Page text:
A suicide bomber has killed at least 10 people and wounded more than 20 others inside a Shi'ite mosque in Baghdad.  The deadly explosion came as a massive security operation continued in the Iraqi capital.  Despite the violence, a top U.S. military official says the level of bloodshed in Baghdad has dropped in recent days.

Iraqi police say the bomber walked into the Buratha Mosque as worshipers began to gather for Friday prayers.

Witnesses on the scene say the man hid the explosives in his shoes, and blew himself up when confronted by guards.

The mosque, which is used by members of Iraq's Shi'ite majority, has been attacked before. In April, three suicide bombers targeted worshippers, killing more than 70 people.

The violence came during a massive security operation in Baghdad, ordered by Iraqi Prime Minister Nouri al-Maliki in an effort to curb sectarian violence and attacks by al-Qaida insurgents.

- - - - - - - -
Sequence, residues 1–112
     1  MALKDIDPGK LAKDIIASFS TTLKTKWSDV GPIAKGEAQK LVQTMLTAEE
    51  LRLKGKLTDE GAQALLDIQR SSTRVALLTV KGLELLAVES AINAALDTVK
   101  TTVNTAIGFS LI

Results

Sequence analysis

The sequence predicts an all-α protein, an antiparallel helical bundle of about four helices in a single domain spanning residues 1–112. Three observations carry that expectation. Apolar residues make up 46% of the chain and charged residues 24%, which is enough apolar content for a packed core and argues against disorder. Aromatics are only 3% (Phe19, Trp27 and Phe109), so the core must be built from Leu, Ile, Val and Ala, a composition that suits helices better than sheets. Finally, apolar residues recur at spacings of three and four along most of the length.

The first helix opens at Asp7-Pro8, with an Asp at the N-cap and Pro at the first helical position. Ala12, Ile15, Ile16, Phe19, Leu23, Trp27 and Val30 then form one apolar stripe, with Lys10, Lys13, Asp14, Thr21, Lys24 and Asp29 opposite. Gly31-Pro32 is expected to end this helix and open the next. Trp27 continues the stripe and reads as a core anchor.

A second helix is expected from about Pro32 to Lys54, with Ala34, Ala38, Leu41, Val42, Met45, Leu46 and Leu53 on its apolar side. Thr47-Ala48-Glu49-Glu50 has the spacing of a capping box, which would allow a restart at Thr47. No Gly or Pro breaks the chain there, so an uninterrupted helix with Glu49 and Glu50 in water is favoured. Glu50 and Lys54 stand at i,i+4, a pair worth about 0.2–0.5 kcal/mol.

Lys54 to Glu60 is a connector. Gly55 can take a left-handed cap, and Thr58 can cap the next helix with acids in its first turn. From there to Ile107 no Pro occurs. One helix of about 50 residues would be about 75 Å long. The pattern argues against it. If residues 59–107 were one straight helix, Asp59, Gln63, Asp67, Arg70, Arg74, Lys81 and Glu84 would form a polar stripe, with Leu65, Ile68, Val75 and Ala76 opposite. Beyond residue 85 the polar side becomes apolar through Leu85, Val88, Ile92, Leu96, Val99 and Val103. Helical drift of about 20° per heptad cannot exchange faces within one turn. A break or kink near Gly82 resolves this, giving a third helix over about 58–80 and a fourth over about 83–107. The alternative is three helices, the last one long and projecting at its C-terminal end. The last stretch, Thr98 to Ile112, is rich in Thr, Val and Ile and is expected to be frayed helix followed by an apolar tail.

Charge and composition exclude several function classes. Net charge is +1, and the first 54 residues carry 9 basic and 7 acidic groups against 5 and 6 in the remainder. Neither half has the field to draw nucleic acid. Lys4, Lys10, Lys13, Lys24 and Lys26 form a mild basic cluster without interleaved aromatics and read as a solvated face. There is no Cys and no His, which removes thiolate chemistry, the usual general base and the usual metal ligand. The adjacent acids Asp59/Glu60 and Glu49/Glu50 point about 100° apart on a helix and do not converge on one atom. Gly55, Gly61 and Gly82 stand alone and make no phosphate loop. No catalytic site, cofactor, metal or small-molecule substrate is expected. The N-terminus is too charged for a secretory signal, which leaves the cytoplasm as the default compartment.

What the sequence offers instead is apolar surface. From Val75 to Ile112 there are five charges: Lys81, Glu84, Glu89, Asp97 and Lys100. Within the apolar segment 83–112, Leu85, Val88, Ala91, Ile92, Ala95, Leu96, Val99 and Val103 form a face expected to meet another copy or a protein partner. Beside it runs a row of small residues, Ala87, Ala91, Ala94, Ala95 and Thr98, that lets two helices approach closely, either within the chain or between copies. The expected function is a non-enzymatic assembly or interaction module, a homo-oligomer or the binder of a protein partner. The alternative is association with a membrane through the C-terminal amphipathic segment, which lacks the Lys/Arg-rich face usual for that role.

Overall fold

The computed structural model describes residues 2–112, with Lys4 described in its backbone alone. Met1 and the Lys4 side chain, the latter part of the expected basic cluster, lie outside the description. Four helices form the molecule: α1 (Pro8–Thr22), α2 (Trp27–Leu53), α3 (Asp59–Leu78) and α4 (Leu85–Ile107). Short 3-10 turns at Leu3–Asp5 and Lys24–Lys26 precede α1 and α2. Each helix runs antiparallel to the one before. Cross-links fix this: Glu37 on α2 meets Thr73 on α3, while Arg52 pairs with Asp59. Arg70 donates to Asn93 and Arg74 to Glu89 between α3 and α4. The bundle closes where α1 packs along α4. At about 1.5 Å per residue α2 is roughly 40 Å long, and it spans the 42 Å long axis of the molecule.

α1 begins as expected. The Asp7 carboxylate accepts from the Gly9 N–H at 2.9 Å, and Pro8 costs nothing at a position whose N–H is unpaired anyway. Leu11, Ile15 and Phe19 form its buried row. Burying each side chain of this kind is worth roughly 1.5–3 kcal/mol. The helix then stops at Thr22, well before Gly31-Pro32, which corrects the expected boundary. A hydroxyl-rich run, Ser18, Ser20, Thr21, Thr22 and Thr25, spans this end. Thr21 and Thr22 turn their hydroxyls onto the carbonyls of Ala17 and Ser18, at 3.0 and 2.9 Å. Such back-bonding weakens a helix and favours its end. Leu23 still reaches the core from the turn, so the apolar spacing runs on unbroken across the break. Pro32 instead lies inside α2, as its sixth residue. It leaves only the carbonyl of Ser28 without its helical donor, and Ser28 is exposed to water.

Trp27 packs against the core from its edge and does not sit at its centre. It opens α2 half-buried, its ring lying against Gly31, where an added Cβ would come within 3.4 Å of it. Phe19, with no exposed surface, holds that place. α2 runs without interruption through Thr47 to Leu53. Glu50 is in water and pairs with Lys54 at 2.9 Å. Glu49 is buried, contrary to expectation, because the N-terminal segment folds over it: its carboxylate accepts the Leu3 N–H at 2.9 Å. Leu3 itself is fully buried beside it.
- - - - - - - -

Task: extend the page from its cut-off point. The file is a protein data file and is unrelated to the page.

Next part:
Speaking to reporters at the Pentagon via teleconference from Baghdad, U.S. Major General James Thurman said the operation is designed to disrupt terrorist cells, and target groups opposed to the Iraqi government.

"We have seen a drop in violence, and expect that trend to continue with the implementation of the Baghdad security plan," he said.  "We will put more Iraqi security forces in the lead in the coming days."

Tens-of-thousands of Iraqi troops and police, backed by coalition forces, are patrolling in Baghdad.

General Thurman says, it is important to note that Iraqi forces are leading the effort.

"This security of Baghdad is about Iraqis," he added.  "This is about Iraq, the Iraqi government, stepping forward, and taking action to lower this violence.  That is what this is about.  This is not about the coalition, and I want to stress that point."

The crackdown, which began earlier this week, and is dubbed Operation Forward Together, is one of the largest since the U.S.-led invasion in 2003.

The effort follows the death of the leader of al-Qaida in Iraq, Abu Musab al-Zarqawi, in an air strike last week.